Gasping there on the seashore, I crawled to an abandoned hut, found some parchment, scrounged up some ink, and wrote down the prayer that had saved my life.  For posterity, you know.  But I was afraid to go to sleep that night, for fear that I would have nightmares.

And sure enough, I did.  Yahweh spoke to me again, saying, “Go to the great city of Nineveh.”  He commanded, “Go and denounce it in the words I give you.”

I couldn’t very well disobey him a second time.  In writing I had promised, “what I have vowed I shall fulfill.”  So as soon as I had recovered from my ordeal by relaxing on the seashore for a few weeks, I set out for the enemy capital.

The Big City

Nineveh is huge.  It takes three days to walk from one side of the city to the other!  I don’t know the total population, but it’s supposed to be twice as big as Babylon.  I heard that there are 120,000 children so young that they can’t yet tell their right hand from their left, as well as so many cattle that they can’t be counted.    I speak the truth, but nobody believes a thing I say.

I began by entering the western gate and walking one day’s journey into town.  There I found an empty wagon parked at a street corner.  It could be my pulpit.  I climbed up onto the wagon and looked around.

I gazed upon the vast metropolis with all its riches.  In the distance was Sennacherib’s famous “palace without a rival,” which must be half a mile long.  Next to me hordes of people, the hated Assyrians, bustled about doing their business.  They looked like ordinary people with lives and loves just like my friends back in Jerusalem, but I knew the truth.

With glee, I imagined how Yahweh was going to punish them for their wickedness.  As in the days of old, he would suddenly rain fire down upon them from heaven.  Then our soldiers would march in with their swords, and they would hack and hew and chop and slice all the inhabitants to death.  Men, women, children, cattle, everything that breathed would die under Yahweh's wrath.  I smiled at the thought of the bloodbath.  There would be much weeping, much wailing, much gnashing of teeth.  The Assyrians would get what they deserved, and my people back home would once again be free of foreign domination!

My Prophecy

From the cart, I lifted up my voice and shouted, “Hear the word of Yahweh.  In forty days, Nineveh shall be overthrown!”

The people in the streets looked up at me dumbfounded.  Who was this lone Hebrew warning of impending disaster?  Of course, nobody believes a thing I say.

But to my astonishment, they did believe what I said!  I told you I was a great orator. Something in my confident tone, my authoritative way of predicting the future, must have convinced them.  I stood there beaming with pride over my amazing accomplishment.

Some of the people ran to the palace to take the news to the king on his throne.  And even he believed it!  The king stood up, laid aside his robes of state, put on sackcloth instead, and went over to the fireplace and sat down in the ashes.  It was I who made him do that.  I did it.  I did.  I speak the truth.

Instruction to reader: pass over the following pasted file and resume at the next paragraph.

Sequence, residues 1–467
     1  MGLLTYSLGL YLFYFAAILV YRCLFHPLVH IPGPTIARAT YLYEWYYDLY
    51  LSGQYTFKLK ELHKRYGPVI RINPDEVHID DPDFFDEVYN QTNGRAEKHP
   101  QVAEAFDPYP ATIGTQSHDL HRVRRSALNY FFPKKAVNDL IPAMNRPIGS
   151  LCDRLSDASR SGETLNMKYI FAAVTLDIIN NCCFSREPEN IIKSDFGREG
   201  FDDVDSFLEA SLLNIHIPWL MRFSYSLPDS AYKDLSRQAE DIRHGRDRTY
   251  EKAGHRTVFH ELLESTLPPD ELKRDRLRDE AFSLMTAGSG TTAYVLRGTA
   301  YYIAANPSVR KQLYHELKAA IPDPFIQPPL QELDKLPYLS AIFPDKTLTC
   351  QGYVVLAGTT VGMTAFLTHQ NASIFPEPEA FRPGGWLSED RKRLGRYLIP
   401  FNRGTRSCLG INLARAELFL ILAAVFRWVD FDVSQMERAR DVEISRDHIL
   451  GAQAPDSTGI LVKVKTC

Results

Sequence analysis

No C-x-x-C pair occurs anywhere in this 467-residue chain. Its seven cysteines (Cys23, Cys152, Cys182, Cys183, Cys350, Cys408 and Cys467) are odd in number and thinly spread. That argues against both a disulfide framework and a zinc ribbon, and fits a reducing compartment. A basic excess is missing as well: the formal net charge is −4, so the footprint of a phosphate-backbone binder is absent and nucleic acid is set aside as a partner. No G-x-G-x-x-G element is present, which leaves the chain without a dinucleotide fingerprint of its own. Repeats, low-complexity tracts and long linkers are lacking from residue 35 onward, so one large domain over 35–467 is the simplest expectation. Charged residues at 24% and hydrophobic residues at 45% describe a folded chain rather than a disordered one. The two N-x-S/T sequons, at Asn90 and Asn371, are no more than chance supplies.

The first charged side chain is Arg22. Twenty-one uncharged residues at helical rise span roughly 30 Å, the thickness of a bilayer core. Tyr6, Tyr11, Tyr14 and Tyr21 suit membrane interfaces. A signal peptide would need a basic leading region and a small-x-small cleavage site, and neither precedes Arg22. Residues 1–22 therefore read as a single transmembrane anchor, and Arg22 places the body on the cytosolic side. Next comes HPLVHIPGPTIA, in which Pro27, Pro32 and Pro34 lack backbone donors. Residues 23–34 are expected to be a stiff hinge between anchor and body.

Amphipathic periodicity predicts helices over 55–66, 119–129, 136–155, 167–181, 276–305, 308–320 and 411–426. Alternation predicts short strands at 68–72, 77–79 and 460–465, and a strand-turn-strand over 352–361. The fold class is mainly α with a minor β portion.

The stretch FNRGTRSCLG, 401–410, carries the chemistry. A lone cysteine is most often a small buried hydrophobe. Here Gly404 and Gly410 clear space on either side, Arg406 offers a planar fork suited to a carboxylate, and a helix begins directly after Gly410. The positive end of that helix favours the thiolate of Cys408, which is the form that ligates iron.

A public fast was proclaimed to the people of Nineveh:  “By decree of the king and his nobles, neither man nor beast is to touch any food.  Neither herd nor flock may eat or drink.  Every person and every animal is to be covered with sackcloth.  Let all pray with fervor to God, and let all abandon their wicked ways and the injustices that they practice.  It may be that God will relent and turn from his fierce anger, and we shall not perish.”

Then once again Yahweh spoke to me, to let me know my speech had had such a profound effect that he was indeed going to relent.  Because the king and all the people had humbly confessed their sins, Yahweh would not inflict upon them the punishment he had threatened.  He told me to send word to the palace that the people could discontinue their fast.

A Big Letdown

Of course, I was extremely disappointed to learn that the Assyrians actually had some goodness within them.  I was going to be denied the spectacle of seeing them slaughtered.

I complained to Yahweh.  “This is what I was afraid of!  This is why I tried to flee to Tarshish, to keep this from happening,” I lied. 

“I was perfectly willing,” I explained, “to obey your command to come to Nineveh and warn the people.  But on the other hand, I know you.  I know you are a gracious and compassionate god, long-suffering, always ready to relent and not to inflict punishment.  I knew what would happen:  I would come here and proclaim the overthrow of the city, and then you would get all merciful and change your mind, and you’d make me look like a fool.

“Why can’t you destroy Nineveh as you promised?  I’m very angry.  Destroy me now.  I’d rather be dead than alive.”

Yahweh asked, “Are you angry that the Ninevehites were spared?  Are you right to be angry?”

Gourdland

I stomped out of the city on the other side and built myself a little shelter on one of the eastern hills.  I sat down and waited to see what would happen.  Maybe somehow Yahweh would change his mind again, and mighty Nineveh would be overthrown after all.

It was hot on my hillside, facing the afternoon sun, but fortunately one morning I noticed that a castor-oil plant had sprung up beside my shelter.  I was very glad to have the shade.  But the next morning, I discovered that a worm had attacked the plant, and it withered and died.  And then a hot wind came blowing in from the desert behind me.  The sun beat down on my head until I grew faint, almost as faint as that time when the fish swallowed me.

“Why did the plant have to die?” I moaned.  Once again I muttered, “I’d rather be dead than alive.”

Again Yahweh spoke to me.  “Are you angry that the plant died?  Are you right to be angry?”  “Yes,” I replied, “mortally angry!”

But Yahweh replied, “You’re grieving for that plant, are you?  A mere plant.  You didn’t create it.  You didn’t sow the seed or water it.  It came up one night and died the next.

“Should I not care much more for the great city of Nineveh?  I created its men and its women and its children.  They have as much right to live in peace as do the people of Jerusalem.  I will not destroy them without cause.  I will not murder them merely to satisfy your bloodthirsty fantasies.

“Stop complaining!

“Shut up!

“Go home!”

And because I always obey all of Yahweh's commands, I immediately departed.

Conclusion

So that’s where I’ve been lately.  I've been busy saving Nineveh.  I convinced all our enemies to change their evil ways, and I convinced Yahweh to change his mind about killing them.  Now all is well.

Also, I’m the rightful king of Judah.

I speak the truth, but nobody believes a thing I say.

 

(a retelling of the book of Jonah)

Click here for other Bible stories I've retold in the first person.

TBT